Before opening face-off at MSG, the Rangers got good news. After missing 11 games, Ryan Lindgren finally returned from the upper-body injury he suffered on a T.J. Oshie hit against the Capitals.
The glue of the defense was back. Similar to old hat Dan Girardi, the prideful man from Minnesota wearing double fives on the back of his jersey received a warm welcome from excited fans. They know what Lindgren brings. As I’ve echoed before in this space, he provides the nuts and bolts. Whatever the team needs, he’ll do.
It had been almost a month since he last played. Everyone understands how valuable he is to the team with championship aspirations. Even though they’ve been winning games, it hasn’t always gone smoothly. However, Ben Harpur deserves a kudos for how he handled the extra minutes while Lindgren was out. He’s a solid extra defenseman with character and grit.
On what was an emotional night due to the sudden passing of Knicks legend Willis Reed, the Rangers held a moment of silence for the Captain. There isn’t a greater Knick in terms of impact. The flashbacks of him coming out of the locker room to thunderous cheers for Game Seven against Wilt Chamberlain and the Lakers is fondly remembered by all. All he had to do was make his first two jump shots to lead the Knicks to the franchise’s first NBA title.
As sad a day as it was for New York sports, Reed will always be fondly remembered. MSG made sure to have the right touch during last night’s game by showing clips of the all-time great. Number 19 hangs from the rafters in the Garden.
When we watch Lindgren during each shift, he brings the grit and hustle to the ice. It’s the pride and passion that he plays with that’s made him a fan favorite. He sure makes a difference while teamed up with Adam Fox. The anchor of the blue line clearly struggled without his running mate. With 11 games left, it’s a good chance for the key tandem to get back in sync.
In what was a fast-moving playoff style game between two rivals, Lindgren was called for a dubious holding minor late in the second period. In fact, it was former teammate Jesper Fast who grabbed a hold of Lindgren to pull him in to draw the call. Fans held their breath as Lindgren went down on the play. He struggled to get up and went back to the locker room.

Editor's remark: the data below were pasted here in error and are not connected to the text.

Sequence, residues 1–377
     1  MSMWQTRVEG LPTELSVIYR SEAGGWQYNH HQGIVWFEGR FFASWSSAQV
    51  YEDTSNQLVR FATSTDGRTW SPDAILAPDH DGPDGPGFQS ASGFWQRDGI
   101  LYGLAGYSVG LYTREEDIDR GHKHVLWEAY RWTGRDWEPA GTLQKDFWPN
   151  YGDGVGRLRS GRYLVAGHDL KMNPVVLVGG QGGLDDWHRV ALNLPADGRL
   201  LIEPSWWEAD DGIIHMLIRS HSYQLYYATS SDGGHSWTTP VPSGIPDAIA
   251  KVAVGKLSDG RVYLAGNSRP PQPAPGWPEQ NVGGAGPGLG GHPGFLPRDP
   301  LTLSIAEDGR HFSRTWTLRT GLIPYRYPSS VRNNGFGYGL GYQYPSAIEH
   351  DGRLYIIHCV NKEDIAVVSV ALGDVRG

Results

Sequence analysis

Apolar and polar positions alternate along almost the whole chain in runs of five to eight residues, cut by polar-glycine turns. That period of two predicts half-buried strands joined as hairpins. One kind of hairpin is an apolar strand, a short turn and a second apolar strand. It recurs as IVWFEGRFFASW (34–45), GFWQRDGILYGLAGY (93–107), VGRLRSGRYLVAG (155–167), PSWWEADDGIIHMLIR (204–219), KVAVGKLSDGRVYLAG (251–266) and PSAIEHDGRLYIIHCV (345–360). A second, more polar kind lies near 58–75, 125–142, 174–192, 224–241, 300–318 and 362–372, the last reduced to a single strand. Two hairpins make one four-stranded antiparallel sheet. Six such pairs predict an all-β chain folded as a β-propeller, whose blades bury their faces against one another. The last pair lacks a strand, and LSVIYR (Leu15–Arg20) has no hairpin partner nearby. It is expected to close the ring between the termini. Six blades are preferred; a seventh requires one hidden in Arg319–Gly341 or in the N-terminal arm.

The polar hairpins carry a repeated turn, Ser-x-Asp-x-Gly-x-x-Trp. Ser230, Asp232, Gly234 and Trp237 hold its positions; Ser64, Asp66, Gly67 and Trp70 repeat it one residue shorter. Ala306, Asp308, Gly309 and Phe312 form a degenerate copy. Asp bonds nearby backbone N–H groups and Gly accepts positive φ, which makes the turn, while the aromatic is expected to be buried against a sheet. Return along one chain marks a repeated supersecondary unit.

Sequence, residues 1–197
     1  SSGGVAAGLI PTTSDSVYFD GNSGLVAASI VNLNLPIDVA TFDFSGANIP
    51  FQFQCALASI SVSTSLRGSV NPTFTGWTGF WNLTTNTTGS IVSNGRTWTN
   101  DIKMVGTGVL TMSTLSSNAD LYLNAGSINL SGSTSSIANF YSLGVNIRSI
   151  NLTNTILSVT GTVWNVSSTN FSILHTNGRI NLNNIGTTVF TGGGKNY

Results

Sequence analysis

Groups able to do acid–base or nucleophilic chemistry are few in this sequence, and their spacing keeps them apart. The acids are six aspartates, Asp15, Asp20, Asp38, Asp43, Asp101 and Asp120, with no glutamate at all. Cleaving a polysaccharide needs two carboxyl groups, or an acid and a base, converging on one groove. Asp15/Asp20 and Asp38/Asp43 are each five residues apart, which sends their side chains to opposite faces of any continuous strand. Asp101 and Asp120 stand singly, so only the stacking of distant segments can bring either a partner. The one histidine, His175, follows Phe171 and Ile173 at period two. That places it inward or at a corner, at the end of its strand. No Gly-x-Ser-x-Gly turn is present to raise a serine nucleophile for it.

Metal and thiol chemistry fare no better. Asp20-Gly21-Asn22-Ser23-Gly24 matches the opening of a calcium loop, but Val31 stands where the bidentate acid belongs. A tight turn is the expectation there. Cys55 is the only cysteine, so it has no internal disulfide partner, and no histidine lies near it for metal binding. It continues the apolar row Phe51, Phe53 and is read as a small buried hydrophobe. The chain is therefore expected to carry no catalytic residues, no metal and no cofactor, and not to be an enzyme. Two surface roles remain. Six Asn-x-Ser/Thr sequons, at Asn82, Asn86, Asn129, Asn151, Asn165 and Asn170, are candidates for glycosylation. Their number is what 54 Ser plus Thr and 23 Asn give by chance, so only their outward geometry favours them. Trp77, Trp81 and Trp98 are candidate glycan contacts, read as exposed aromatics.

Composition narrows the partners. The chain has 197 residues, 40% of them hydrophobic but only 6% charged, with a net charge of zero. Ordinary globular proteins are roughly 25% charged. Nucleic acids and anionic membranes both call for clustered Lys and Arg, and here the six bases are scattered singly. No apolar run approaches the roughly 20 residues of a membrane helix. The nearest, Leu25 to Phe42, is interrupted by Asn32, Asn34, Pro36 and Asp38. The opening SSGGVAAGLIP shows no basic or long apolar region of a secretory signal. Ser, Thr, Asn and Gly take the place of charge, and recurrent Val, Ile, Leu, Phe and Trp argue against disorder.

At the time, the Rangers were leading 1-0 thanks to a Tyler Motte goal that came with three minutes left in a tightly contested first period. On a face-off inside the Carolina zone, Jimmy Vesey intercepted a Brady Skjei pass down low. He then got the puck over to Barclay Goodrow, who found Motte open for an easy finish in front at 17:00.
That opening period was well played by both sides. It was clean hockey without any penalties. Initially, the Canes got some good looks on Igor Shesterkin, who continued his recent improvement. He made nine saves in the first while counterpart Frederik Andersen stopped 11 of 12 shots.
The Hurricanes knew the importance of this game. Having lost the first two to the Blueshirts in the season series, a regulation loss would’ve put their hold on first place in jeopardy. They entered play with 98 points. One up on the Devils and six ahead of the Rangers with a home and home series.
Carolina isn’t as high scoring a team as the Blueshirts, who exploded for six goals in a lopsided 7-0 rout of the Predators on Sunday night. The game was over quickly. K’Andre Miller highlighted the victory by becoming the first Ranger to record four points (2-2-4) in a first period since former captain Kelly Kisio. Filip Chytil also snapped his scoring drought with his 20th goal in the blowout.
The Hurricanes lost two of their biggest threats for the remainder of the season. Max Pacioretty (torn Achilles) and Andrei Svechnikov (knee) are big blows for a team that doesn’t have many consistent scorers. They’ll have to do it by committee.
A puck possession team under coach Rod Brind’Amour, they’ll rely on captain Sebastian Aho to lead the way along with Martin Necas. They’ve gotten a good season out of Jesperi Kotkaniemi. The checking center has been contributing lately and is starting to resemble the player they thought they were signing away from Montreal.
Their blue line has balance. Jaccob Slavin remains the shutdown defenseman who pairs up with veteran Brent Burns. He still can get it done offensively. The second pair is similar with Brett Pesce proving steady play while Skjei looks for offense. His 15 goals are a career high that paces the back end. Burns has a dozen while leading the defense with 41 assists and 53 points. They added Shayne Gostisbehere for power play help. An area he excels at. Chatfield has provided solid depth on the third pair.
If one were to look at the Hurricanes compared to the Rangers, you’d probably place a blue checkmark next to the offense, power play, and goaltending. There’s no question they have more firepower. Adding Vladimir Tarasenko and Patrick Kane to a core that features Mika Zibanejad, Chris Kreider, Artemi Panarin, and Vincent Trocheck makes them formidable.
Even with their recent struggles, the older Kid Line are capable of contributing. So, too are the best checking line they’ve had since Brian Boyle, Dominic Moore, and either Derek Dorsett or Daniel Carcillo were making key contributions on the 2013-14 team during the postseason.
Shesterkin is an obvious edge over the respectable Andersen in net. Of course, that doesn’t always mean what you think. Even all-time greats have been outplayed in the playoffs. But I know who I’m rolling with in the Metro Division. Although Islanders fans can make a strong case for Ilya Sorokin. He’s been the better netminder this season.
So, what happened during Tuesday night’s 3-2 home loss? The Rangers wilted in a disappointing third period. Having been outplayed by a wide margin during a second period that favored the Canes, who had the puck in the Rangers zone for long stretches, they couldn’t quite put Carolina away.